It was a rather quiet week—not one huge piece of news, such as Microsoft agreeing to acquire Nokia’s phone business—came up. But, as usual, a good deal of interesting items and commentary could be found. Here are some highlights from this week’s data and telecom news.
Slowing Google Fiber
In most cases, towns and cities are lining up around the cyber block to become home to Google Fiber. There is trouble in at least one paradise, however. According to eWeek, Overland Park, Kan. halted the service Monday due to uncertainty of legal liability for the services.
A one month delay – until Oct. 14 – was announced. eWeek’s piece summed up the issue:
Bill Ebel, the Overland Park city manager, told eWEEK on Sept. 17 that the delay on approving the Fiber deal came over indemnity language in a contract the city was asked to sign. ‘Essentially, Google has asked the city to indemnify them for any third-party claims … and there is no limit to it,’ said Ebel. Instead, the City Council is seeking extra time to ask Google to make changes to the indemnity text by limiting any indemnity with a cap that would place a maximum amount of any such liability, said Ebel. ‘Everything else was generally supported. The council made it clear they are very interested in getting Google Fiber here for the city.’
Mobile Advances in Action
Periodically taking time to look at situations in which technology and telecommunications are doing things to help people – to see what is happening in the real world – is worthwhile. Healthcare IT News does just that in a short feature on TeleNICU, which it says is billed as Texas’ first neonatal telemedicine program.
TeleNICU is a project of Children’s Medical Center in Dallas. It provides remote neonatal intensive care units with round the clock access to neonatologists. The links, according to the story, are through mobile equipment carts that include medical-level videoconferencing, data transfer and digital scoping equipment.
The story discusses a similar system that Intermountain Healthcare is also installing at the Utah Valley Medical Center in Provo.
We the Mobile Devices
InformationWeek reports that the National Telecommunications and Information Administration (NTIA) is asking the Federal Communications Administration (FCC) to issue orders unlocking all mobile devices.
The move comes after a We The People petition at the White House website gained more than 114,000 signatures. The site reports that the administration broadened the request from the unlocking of smartphones to other mobile devices.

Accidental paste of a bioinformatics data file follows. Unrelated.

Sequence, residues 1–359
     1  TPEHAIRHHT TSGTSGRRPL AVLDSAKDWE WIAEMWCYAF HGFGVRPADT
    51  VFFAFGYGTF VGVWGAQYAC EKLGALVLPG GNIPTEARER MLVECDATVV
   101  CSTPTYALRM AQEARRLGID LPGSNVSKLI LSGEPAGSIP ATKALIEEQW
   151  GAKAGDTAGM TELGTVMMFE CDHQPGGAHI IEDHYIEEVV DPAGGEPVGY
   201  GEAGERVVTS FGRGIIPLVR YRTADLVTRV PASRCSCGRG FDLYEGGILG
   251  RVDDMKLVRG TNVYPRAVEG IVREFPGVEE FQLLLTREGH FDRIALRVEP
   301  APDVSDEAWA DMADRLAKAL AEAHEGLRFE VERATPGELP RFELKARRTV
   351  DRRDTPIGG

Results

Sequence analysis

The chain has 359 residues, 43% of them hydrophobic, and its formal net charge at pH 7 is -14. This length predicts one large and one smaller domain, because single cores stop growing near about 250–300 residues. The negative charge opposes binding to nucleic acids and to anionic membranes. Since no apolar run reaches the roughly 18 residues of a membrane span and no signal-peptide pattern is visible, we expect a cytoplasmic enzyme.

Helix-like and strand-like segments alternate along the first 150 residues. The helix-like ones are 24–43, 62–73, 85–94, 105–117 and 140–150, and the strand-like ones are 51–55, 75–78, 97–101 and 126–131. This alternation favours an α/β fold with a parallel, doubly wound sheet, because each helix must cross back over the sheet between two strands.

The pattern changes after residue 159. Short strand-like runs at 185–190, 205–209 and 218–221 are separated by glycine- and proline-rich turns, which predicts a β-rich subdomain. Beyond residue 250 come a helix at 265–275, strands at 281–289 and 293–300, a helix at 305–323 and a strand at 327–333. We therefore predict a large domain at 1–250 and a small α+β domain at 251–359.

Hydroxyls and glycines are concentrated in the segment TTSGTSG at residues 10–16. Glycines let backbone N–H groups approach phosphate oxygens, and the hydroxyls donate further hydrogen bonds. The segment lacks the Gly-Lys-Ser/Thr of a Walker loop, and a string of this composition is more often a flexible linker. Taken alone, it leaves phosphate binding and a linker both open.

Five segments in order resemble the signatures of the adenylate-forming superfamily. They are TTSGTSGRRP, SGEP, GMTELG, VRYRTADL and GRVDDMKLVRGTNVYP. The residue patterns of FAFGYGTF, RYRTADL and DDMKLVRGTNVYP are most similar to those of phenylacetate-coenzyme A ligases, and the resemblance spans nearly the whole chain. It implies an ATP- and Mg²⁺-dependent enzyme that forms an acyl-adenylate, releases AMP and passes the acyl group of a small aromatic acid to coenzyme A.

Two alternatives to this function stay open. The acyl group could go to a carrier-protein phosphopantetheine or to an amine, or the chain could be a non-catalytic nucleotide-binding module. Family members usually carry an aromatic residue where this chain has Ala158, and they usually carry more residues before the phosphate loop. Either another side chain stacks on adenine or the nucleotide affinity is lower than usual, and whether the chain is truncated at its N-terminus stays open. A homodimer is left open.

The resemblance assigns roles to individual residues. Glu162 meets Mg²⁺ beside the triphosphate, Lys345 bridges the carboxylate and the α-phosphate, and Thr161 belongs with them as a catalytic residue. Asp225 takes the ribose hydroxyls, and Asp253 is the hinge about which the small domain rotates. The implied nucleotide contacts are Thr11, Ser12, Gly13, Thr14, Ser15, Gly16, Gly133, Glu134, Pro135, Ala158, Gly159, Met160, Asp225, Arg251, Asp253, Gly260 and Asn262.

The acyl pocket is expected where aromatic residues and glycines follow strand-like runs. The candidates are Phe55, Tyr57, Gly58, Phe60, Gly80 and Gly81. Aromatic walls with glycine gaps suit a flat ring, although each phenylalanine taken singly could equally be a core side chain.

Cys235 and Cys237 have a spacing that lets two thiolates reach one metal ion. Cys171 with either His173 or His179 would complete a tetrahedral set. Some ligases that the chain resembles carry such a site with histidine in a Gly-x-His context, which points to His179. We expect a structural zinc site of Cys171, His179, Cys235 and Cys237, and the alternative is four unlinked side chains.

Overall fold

The story notes that the House of Representatives is considering legislation – H.R. 1123 – that would do the same thing. The bill has not yet come to a vote, however.
BlackBerry’s End Games
The newest wrinkle in the long-running demise of BlackBerry focuses on reports that 40 percent of the staff, or about 5,000 people will be laid off by year’s end. While there is nothing definitive on that move, the hard times have led the company to expand the potential customer base for BlackBerry Messenger (BBN) by inviting aboard the two rivals likely to put them out of business.
This Saturday, Android users will be able to download the BBN app. Folks with Apple devices will be able to follow suit on Sunday. GigaOm says that Android 4.0 and iOS 6 or iOS 7 will be necessary to use the app. The site also reports that the app…
…will allow Android and iOS users to communicate with BlackBerry owners without needing to send a traditional text message. It offers delivery, read and typing notifications, and supports group chats with up to 30 people. It also lets users share files, images and voice notes. And you’ll get a unique BBM PIN so you don’t have to share your email address or phone number.
And, finally, comes a story about two guys who got what was coming to them. The Next Web reports that the U.S. FTC has settled with Rentbro – or, more specifically, principals Daniel Pessin and Jacob Engel – for sending more than 42.5 million spam text messages. The spam promised a $1,000 Target gift card and eventually attempted to get personal information from the victims.
The story said that agreement, among other things, includes a “partially suspended” judgment of $377,321 – the amount the scam generated – and forfeiture of Rentbro’s remaining assets.